Building on our 2019 online survey on Attitudes towards digital culture and technology in the Modern Languages, the largest part of our wider landscaping exercise was an extensive interview study which surveyed the state of digital transformations in the Modern Languages at Higher Education level. This Interview study was carried out with 34 Modern Languages policy makers and digital practitioners, with follow-up interviews to assess post-pandemic impacts, April 2018 to January 2022.
We report on its findings as part of our strand's final report. We include a few extracts below.
Main Interview survey
Interviewees were asked a series of questions about the current context for Modern Languages, their experience of digital transformations in the field and what role they saw for digital methods, literacies and pedagogies in the future.
Most respondents worked in Modern Languages, Areas studies, Linguistics and/or Language education, broadly conceived. There was a bias towards European languages and cultures, but other areas were covered such as Latin American studies, East Asian studies, South Asian languages and Middle Eastern studies. Some respondents worked in cognate fields such as Translation studies, Linguistics, wider Education studies or language policy. Others worked in fields such as History, Classical studies, Politics and international politics, Art and curation, Postcolonial studies and Library and information studies.
One key focus of the interview study was on Modern Languages research, so not surprisingly there was a high concentration in senior academic jobs, but we interviewed people with other career profiles from schools, the arts and the private sector in order to provide a comparative perspective.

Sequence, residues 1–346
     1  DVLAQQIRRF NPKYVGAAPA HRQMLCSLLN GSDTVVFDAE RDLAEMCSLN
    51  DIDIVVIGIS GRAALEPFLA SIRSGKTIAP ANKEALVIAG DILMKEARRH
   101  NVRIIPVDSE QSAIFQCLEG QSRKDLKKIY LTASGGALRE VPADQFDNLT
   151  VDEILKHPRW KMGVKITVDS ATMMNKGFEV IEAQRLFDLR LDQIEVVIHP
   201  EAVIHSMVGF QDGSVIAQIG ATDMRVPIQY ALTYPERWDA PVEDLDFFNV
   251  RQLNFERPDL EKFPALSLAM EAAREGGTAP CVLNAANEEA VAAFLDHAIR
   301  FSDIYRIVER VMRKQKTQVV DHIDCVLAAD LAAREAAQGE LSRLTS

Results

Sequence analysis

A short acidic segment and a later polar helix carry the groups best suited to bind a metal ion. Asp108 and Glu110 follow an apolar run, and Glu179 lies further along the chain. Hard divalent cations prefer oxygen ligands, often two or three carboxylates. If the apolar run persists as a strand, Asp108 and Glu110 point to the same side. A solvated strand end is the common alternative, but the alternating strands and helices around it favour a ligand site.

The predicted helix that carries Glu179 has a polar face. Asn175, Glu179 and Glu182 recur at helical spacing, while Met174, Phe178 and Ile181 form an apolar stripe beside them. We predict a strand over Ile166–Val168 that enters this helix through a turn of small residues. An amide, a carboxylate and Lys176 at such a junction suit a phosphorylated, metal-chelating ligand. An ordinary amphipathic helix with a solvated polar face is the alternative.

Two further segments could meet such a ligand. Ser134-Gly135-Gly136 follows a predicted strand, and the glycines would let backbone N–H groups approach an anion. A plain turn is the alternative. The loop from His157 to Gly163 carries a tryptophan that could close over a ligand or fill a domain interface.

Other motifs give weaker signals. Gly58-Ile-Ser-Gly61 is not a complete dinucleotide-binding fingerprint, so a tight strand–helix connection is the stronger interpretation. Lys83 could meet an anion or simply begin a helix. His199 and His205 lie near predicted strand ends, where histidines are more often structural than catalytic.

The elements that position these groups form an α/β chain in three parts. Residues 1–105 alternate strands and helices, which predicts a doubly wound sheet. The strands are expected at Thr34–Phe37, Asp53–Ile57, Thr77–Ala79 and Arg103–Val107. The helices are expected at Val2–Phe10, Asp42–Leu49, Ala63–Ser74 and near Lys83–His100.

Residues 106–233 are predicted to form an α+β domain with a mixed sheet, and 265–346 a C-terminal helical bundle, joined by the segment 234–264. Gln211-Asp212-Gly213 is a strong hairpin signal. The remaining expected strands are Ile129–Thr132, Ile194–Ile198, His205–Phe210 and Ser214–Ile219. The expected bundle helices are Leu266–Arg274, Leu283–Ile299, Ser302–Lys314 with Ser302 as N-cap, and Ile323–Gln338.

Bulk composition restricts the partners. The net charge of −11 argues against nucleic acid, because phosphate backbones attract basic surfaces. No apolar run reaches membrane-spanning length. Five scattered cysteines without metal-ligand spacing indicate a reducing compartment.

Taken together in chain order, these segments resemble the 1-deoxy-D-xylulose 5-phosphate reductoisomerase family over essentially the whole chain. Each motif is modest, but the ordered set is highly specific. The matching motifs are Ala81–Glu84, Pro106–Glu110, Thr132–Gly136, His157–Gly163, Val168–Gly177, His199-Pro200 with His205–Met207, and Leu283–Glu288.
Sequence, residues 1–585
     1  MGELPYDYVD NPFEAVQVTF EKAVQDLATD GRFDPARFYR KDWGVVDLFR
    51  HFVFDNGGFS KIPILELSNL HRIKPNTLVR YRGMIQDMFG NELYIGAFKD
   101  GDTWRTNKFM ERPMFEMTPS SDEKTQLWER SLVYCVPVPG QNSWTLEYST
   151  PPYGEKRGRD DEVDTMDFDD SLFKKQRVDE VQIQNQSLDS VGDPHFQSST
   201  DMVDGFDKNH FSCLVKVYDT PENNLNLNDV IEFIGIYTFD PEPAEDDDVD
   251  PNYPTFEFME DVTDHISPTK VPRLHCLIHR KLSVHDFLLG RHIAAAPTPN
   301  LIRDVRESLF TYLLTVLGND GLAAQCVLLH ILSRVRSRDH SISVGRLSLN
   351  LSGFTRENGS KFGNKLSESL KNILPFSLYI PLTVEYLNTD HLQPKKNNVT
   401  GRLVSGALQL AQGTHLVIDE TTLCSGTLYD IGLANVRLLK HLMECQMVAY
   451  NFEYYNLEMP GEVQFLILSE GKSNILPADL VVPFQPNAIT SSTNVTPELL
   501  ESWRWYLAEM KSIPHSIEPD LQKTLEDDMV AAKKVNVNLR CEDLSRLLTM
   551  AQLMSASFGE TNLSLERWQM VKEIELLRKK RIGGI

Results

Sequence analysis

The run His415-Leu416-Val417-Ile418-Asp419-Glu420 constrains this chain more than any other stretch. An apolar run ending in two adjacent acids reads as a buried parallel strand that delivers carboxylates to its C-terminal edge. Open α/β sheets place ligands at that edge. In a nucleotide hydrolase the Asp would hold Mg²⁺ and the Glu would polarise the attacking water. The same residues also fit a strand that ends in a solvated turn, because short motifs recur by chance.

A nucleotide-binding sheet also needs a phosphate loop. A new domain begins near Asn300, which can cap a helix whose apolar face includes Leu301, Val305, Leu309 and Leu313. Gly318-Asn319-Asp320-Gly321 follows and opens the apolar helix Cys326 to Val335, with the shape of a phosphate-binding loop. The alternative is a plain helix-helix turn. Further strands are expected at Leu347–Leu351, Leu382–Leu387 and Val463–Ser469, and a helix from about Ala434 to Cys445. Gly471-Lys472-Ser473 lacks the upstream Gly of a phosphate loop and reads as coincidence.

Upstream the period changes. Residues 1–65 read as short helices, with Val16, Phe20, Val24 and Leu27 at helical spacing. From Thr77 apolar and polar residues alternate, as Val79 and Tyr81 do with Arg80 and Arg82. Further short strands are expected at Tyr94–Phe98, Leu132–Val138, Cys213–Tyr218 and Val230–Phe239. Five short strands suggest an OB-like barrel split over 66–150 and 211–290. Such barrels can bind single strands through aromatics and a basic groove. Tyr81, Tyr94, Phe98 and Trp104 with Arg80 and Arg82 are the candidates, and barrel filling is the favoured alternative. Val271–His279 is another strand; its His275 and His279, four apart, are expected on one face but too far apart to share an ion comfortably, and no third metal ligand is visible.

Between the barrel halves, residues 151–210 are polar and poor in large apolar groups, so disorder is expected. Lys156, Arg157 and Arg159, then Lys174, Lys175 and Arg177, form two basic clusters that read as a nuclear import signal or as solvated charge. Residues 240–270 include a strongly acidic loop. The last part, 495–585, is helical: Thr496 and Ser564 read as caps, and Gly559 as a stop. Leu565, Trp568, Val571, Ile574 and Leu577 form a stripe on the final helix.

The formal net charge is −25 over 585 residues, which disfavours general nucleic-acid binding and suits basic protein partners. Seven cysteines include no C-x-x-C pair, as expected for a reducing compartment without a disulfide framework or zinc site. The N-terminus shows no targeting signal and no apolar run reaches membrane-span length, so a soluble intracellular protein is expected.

Interviewees were asked about the main (research) focus of their work. As is typical in language education, the research areas were very diverse indeed, but there was concentration in established ‘language’ fields such as:
- Language policy/especially relating to language education
- Language pedagogy, including e-learning
- Modern Languages
- Area studies
- Broader cultural studies – theatre, gender studies, memory studies
- Linguistics, including applied and sociolinguistics
- Translation studies
Other areas included:
- Social sciences, for example migration studies
- Multilingual studies, language documentation and endangered languages
- Multimodality and gesture, visual culture, spatial theory
- Media studies
- Digitally-focuses fields such as digital culture, critical digital literacy, educational technology or Digital Humanities
Post-pandemic Interview study
The COVID-19 pandemic broke just as we were completing our study, a global event which has transformed our lives in ways which we are all still coming to terms with. A full study on its impact on Modern Languages education is likely premature, and in any case, beyond the scope of this report. We did, however, wish to capture early reflections from those taking part in our initial interview study to gauge the extent and nature of these transformations, and their effect on digital engagement in the field. With this in mind, we contacted all 34 interviewees to ask them about five main areas:
- How far the pandemic had transformed ML education in the short term
- How far the pandemic would transform ML education in the long term
- How far the pandemic would transform digital engagement in ML education in the long term
- What the main impacts of the pandemic had been on this digital engagement
- To what extent the pandemic would change the responses they gave in their initial interview to questions about digital literacies/pedagogies, digital methods and digital tools in Modern Languages study and research
We gave interviewees the option to respond by online questionnaire or virtual interview.
They responded on such matters as:
- Scale of change
- Changes in the language classroom
- Expanded demand for languages during pandemic
- Engaging with a new landscape for learning
- Shared experiences in online pedagogy
- New reflections and experimentation
- Opportunities for less well-resourced languages
- Study abroad and virtual exchange
- Contours of digital pedagogical infrastructure
- Global dynamics, soft power
Findings are published in our final report.